Measures that target single classes of pesticides, though a move in the right direction, may actually be falling short. In 2013, researchers analyzed pollen from bee hives in seven major crops and found 35 different pesticides along with high fungicide loads.12 Each sample contained, on average, nine different pesticides and fungicides, although one contained 21 different chemicals. Furthermore, when the pollen was fed to healthy bees, they had a significant decline in the ability to resist infection with the Nosema ceranae parasite, which has been implicated in CCD.
Pollinators Are Losing Their Natural Foraging Areas
In addition to exposure to agricultural chemicals, mass conversions of grasslands to corn and soy in the Midwest have dramatically reduced bees' natural foraging areas. This is affecting not only bees but also other pollinators like the Monarch butterfly. Milkweeds are critical to the Monarch's survival because they're the only food source for Monarch larvae.
Milkweeds that used to abundantly line the Monarch's flight path have been largely eradicated by modern agriculture. Not only are chemicals, including the herbicide Roundup, killing the milkweeds, but prairies are being replaced by cornfields, and roadsides are being mowed where milkweeds previously grew wild.
Many equate modern farming techniques with "progress," when in fact many of our technological "advancements" are now threatening to destroy us right along with the entire planet. There are major differences between industrial farming and regenerative agriculture, and the foods produced by the former cannot be equated to the foods produced by the latter. GM plants and industrial farming contributes to every form of environmental devastation, while organic farming methods support, restore, and rejuvenate the ecosystem.
What Can Help to Save the Bees?
By plowing up grasslands to grow monocrops, we are contributing to environmental destruction and world hunger. One important factor that some experts believe is KEY for reversing environmental devastation is to return much of our land to grasslands and build a network of herbivore economics. There is no better way to improve the conditions for animals, protect pollinators, bring more revenue to farmers, and improve our health by purchasing nutritious foods from properly pastured animals.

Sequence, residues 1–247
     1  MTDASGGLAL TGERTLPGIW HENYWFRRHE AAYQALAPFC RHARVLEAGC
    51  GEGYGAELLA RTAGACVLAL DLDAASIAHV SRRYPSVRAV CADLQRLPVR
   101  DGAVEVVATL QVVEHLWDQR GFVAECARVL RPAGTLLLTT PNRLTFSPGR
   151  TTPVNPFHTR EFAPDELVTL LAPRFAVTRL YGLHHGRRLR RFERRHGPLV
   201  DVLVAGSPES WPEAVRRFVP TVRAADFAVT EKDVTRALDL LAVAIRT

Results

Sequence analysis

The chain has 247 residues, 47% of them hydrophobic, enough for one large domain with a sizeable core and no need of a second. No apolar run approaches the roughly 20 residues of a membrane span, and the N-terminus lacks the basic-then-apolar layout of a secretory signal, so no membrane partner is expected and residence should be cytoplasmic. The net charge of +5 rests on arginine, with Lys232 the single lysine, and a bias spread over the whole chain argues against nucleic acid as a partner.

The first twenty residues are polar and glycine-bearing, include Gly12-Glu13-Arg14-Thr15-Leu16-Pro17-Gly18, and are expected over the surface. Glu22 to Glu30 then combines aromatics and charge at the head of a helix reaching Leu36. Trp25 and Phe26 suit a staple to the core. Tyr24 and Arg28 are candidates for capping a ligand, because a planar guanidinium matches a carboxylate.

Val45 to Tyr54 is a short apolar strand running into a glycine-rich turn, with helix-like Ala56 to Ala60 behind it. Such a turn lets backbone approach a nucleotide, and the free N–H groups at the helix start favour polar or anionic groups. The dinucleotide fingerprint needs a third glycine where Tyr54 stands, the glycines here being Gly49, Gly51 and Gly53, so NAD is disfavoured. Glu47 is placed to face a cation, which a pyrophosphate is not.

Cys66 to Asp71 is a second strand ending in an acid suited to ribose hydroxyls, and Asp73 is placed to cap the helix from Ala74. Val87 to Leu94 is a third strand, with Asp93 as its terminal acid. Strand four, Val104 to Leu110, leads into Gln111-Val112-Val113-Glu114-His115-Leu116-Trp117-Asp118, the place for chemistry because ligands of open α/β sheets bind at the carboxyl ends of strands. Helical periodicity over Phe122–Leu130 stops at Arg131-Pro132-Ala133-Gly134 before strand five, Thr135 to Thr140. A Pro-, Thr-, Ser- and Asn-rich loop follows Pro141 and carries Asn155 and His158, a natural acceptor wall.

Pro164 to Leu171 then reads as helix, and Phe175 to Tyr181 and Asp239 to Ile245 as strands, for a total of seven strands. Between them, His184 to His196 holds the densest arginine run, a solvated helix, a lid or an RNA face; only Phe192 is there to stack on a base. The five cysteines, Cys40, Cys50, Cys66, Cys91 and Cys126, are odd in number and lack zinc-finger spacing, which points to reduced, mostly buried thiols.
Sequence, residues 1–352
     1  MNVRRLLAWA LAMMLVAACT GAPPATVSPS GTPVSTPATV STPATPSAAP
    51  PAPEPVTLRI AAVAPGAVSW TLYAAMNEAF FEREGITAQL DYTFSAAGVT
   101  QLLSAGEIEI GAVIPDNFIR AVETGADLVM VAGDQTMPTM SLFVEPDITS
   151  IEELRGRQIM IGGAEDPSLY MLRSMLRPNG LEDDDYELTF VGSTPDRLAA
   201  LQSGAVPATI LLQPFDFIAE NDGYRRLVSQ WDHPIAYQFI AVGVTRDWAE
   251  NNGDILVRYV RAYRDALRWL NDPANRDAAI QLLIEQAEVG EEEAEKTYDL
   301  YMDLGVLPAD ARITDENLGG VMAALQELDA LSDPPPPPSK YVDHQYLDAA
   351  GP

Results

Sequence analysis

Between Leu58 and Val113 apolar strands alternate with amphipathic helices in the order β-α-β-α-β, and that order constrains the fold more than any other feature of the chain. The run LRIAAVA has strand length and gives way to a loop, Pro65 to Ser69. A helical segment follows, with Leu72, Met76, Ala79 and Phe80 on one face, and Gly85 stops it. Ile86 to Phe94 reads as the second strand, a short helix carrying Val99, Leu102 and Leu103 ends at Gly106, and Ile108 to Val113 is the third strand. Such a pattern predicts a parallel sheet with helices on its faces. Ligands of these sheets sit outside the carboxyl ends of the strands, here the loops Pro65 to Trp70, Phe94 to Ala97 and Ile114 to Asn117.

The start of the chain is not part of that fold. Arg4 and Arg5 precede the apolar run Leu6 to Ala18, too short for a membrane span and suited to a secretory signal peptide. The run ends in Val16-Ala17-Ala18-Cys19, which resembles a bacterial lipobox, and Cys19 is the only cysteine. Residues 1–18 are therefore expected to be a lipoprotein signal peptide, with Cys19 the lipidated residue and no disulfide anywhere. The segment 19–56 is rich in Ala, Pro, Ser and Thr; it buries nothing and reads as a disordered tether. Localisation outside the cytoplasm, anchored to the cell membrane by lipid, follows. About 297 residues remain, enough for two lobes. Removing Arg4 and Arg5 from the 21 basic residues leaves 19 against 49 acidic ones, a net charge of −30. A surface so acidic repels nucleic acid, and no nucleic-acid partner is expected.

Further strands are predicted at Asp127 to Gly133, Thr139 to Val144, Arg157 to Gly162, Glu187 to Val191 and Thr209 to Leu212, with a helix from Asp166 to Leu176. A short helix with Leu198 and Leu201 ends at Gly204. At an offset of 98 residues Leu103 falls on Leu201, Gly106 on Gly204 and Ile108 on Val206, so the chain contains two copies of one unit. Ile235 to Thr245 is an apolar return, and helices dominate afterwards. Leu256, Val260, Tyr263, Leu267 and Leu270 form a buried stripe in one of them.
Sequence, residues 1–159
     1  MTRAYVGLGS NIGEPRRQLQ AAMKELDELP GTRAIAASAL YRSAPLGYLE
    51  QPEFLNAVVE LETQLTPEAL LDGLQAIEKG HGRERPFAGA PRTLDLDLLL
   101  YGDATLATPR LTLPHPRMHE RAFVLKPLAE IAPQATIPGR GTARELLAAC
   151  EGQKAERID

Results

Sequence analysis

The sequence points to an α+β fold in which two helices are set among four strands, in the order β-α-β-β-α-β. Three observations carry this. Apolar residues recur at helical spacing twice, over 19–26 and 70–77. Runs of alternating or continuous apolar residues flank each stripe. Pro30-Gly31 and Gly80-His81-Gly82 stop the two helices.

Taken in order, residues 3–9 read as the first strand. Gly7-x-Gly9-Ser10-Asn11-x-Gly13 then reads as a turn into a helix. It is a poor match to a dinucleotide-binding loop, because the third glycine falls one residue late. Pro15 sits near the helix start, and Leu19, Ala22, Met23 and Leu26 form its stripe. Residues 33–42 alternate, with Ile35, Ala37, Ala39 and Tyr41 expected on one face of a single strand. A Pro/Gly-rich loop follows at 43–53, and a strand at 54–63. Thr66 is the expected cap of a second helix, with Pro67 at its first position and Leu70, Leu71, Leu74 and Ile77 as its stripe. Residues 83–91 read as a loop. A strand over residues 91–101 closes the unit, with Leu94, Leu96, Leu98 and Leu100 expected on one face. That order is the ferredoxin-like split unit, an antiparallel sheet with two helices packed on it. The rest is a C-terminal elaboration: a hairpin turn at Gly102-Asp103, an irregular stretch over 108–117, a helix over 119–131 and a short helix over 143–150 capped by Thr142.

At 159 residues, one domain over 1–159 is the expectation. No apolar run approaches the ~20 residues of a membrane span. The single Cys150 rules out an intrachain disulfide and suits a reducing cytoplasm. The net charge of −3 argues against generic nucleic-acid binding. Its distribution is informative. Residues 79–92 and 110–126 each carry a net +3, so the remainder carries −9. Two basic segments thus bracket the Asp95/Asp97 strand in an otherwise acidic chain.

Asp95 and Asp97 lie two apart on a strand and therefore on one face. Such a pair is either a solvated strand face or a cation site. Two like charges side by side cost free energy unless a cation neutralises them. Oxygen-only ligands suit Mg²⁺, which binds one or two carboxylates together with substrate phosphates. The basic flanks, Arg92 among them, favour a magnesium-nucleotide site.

By mimicking the natural behavior of migratory herds of wild grazing animals—meaning allowing livestock to graze freely, and moving the herd around in specific patterns—farmers can support nature's efforts to regenerate and thrive, while providing a natural foraging area for pollinators and other beneficial insects.
The good news is that we don't need to invent yet another chemical or a new piece of farm equipment to solve this problem. We simply need to revert to a system that works with nature rather than against it. And this involves grazing cattle. My previous article discussing the work of ecologist Allan Savory goes into this process in greater detail.
Further, to avoid harming bees and other helpful pollinators that visit your garden, swap out toxic pesticide and lawn chemicals for organic weed and pest control alternatives. Even some organic formulations can be harmful to beneficial insects, so be sure to vet your products carefully. Better yet, get rid of your lawn altogether and plant an edible organic garden. Both flower and vegetable gardens provide good honeybee habitats. It's also recommended to keep a small basin of fresh water in your garden or backyard, as bees actually do get thirsty.
In order to support the Monarch butterflies, consider planting a locally appropriate species of milkweed in your garden, on your farm, or wherever you manage habitat. You can use the Milkweed Seed Finder to locate seeds in your area. Whatever you choose to grow, please avoid purchasing pesticide-treated plants. Cut flower growers are among the heaviest users of toxic agricultural chemicals, including pesticides, so if you must buy cut flowers, make sure you select only organically grown and/or fair trade bouquets.
Ideally, you'll want to grow your own pollinator-friendly plants from organic, untreated seed, but if you opt to purchase starter plants, make sure to ask whether or not they've been pre-treated with pesticides. Keep in mind that you also help protect the welfare of all pollinators every time you shop organic and grass-fed, as you are actually "voting" for less pesticides and herbicides with every organic and pastured food and consumer product you buy.
You can take bee preservation a step further by trying your hand at amateur beekeeping. Maintaining a hive in your garden requires only about an hour of your time each week, benefits your local ecosystem—and you get to enjoy your own homegrown honey!